Well, the first half of that statement isn't completely true, certainly not as much as the second half. At one time I did think about both fame and fortune coming from the simple act of placing words on paper.
I thought about the money as a teenager. I can't say I great literary ambitions at the time. My goal was to be a hack or maybe a pulp writer. I just wrote my O. Henry twist ending crime storis and my Twilight Zone inspired horror tales with hope some little back rack magazine might publish them.
This wasn't a reflection on the writers I read as a kid. Some of them were very good scrivers. I think a guy could have worse examples than Robert Louis Stevenson, Edgar Allan Poe or Jack London. Even Evan Hunter, H. P. Lovecraft and Charles Beaumont were worthy inspiration.
When I hit my twenties the idea of fame kicked in for a while. Ernest Hemingway committed suicide less than a week after I turned twenty. His face and name had been common throughout my boyhood. A year before a book appeared that I could identify with called, "Rabbit Run" by an author who had grown up not far from me name John Updike. Another author was being spoke of often, even being in the line of a "Flower Drum Song" lyric was Truman Capote. A year after I turned twenty, John Stinebeck won the Nobel Prize. Suddenly writers seemed to be public celebrities to me. Getting interviewed by magazines and newspapers for your opinion on everything sounded pretty cool. (Getting in those pages for suicide not so much, but anyway...)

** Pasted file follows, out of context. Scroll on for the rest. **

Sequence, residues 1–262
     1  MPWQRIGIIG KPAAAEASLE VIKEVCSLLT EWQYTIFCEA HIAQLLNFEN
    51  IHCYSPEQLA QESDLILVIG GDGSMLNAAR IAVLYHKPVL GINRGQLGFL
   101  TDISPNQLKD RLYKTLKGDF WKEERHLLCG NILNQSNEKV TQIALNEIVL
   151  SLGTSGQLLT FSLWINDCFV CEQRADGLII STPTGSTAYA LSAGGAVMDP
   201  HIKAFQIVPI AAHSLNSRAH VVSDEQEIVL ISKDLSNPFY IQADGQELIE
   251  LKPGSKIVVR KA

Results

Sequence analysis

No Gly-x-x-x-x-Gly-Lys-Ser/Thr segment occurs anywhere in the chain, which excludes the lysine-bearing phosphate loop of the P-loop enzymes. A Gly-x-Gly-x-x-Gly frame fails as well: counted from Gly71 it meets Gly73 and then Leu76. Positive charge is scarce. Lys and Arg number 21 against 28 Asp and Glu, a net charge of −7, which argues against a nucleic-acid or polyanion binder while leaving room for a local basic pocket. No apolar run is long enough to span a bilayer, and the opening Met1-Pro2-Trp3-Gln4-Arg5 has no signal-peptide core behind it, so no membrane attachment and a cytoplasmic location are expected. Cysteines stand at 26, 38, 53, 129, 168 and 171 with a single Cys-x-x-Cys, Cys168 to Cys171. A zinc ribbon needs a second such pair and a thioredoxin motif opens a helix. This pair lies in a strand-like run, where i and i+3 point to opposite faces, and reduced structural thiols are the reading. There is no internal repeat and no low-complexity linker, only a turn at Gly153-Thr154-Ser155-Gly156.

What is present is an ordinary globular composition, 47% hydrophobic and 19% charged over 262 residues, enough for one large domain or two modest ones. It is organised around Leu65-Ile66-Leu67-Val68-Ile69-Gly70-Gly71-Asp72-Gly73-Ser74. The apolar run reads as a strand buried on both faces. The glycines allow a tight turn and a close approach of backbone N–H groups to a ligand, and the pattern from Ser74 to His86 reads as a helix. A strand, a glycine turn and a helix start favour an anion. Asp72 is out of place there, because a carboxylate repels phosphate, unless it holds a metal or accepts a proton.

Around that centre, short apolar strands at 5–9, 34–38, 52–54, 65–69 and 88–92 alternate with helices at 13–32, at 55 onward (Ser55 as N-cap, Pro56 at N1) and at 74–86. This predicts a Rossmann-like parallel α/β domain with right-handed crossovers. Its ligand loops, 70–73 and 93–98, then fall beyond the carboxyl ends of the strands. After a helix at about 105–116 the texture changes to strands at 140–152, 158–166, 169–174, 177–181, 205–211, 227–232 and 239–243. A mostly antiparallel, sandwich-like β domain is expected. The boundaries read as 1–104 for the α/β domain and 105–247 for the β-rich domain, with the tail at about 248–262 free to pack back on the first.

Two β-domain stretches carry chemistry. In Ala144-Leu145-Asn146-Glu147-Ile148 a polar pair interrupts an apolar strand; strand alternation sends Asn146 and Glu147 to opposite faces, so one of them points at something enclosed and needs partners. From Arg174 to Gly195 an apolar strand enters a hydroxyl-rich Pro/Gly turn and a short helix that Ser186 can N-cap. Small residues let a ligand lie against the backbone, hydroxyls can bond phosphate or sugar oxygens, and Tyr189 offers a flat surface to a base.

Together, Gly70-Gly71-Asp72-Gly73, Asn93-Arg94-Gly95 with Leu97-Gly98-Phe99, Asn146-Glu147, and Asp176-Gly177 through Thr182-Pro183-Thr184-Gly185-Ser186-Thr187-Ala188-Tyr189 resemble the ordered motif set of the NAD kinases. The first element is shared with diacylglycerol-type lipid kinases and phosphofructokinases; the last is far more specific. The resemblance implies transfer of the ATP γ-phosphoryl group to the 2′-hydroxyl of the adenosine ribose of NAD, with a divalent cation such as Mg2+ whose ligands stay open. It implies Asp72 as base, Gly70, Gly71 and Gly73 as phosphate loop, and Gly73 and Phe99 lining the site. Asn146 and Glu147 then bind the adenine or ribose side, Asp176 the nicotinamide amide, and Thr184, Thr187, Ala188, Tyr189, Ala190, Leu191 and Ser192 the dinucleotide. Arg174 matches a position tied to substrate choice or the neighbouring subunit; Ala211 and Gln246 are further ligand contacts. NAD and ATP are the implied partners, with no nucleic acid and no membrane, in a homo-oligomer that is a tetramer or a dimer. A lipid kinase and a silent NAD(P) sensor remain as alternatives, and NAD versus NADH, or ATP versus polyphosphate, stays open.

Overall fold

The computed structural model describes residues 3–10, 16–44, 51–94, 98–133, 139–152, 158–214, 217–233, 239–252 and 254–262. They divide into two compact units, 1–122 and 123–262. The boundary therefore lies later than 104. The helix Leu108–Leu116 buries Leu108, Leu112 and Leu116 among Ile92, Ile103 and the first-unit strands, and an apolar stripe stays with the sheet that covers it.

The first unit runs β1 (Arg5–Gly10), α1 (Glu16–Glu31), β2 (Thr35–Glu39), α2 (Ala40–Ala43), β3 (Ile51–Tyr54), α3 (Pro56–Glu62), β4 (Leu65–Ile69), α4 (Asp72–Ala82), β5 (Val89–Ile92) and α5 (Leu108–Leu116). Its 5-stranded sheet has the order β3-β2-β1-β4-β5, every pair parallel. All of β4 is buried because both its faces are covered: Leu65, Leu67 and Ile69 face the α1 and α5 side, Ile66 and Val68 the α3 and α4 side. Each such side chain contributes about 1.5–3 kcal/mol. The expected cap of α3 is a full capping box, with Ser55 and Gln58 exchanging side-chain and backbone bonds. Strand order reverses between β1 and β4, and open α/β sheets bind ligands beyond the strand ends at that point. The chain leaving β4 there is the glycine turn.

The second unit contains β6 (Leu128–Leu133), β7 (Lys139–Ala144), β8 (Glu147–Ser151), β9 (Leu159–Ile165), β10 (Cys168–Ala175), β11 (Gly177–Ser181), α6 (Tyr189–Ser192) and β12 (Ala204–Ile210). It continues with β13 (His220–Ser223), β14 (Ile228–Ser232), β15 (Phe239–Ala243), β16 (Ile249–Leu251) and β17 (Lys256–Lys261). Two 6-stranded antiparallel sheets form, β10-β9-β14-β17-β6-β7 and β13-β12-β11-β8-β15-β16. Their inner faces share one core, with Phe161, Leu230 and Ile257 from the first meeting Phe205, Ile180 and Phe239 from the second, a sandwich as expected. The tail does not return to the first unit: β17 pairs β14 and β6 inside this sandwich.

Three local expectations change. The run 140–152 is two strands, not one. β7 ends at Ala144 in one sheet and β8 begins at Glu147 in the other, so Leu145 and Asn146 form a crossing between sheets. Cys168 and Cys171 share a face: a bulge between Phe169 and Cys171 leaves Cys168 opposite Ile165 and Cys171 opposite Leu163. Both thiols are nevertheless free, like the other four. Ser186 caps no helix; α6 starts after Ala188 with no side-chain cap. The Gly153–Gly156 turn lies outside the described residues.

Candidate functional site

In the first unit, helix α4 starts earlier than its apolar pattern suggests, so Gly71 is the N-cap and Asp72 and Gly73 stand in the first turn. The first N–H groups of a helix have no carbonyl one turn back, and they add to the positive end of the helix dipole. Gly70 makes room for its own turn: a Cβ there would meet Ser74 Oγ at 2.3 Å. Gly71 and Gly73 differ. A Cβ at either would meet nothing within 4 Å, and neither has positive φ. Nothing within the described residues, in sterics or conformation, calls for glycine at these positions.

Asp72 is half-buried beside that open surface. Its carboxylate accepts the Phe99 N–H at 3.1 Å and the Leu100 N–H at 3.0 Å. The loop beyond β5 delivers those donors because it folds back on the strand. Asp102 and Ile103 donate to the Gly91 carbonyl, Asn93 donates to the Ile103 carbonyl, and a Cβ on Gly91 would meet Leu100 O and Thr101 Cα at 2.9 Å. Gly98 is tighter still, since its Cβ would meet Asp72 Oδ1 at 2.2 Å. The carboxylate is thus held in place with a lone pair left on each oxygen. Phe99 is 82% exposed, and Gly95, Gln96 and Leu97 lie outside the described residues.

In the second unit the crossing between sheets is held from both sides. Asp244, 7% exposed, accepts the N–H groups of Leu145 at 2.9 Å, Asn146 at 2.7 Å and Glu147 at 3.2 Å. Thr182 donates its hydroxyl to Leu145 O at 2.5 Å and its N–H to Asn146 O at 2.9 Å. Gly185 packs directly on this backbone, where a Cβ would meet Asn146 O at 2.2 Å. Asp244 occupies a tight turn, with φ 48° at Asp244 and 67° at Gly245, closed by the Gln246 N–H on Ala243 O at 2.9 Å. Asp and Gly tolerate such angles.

But anyway, I was starting to get paid to do some writing. Not a lot of money, not enough to live on, and ironically not in a way to become famous either. I was ghostwriting. Everything I penned went out under someone else's name. Then when I did get to do it for myself it was still under a non de plume.
It started to cross my mind that was all right, not a bad idea. I was young, remember, and I could dream big. I could think in my mind that I could become well-known and being well-known by another name might be best.
A novel came out around this time called V that was causing a stir in lierary circles. A even bigger stir was in the media about the mysterious author, who was secretive about himself to the point he did even have a photo on the dusk jacket. I kind of liked that idea. he had used his real name, though, Thomas Pynchon.
I didn't do anything about it. I had been writing in the Underground Press as Eugene Lawrence and elsewhere as Loop, but in a few years when I started to be published regularly in main street media it was under my real name. Not just my real name, my whole name.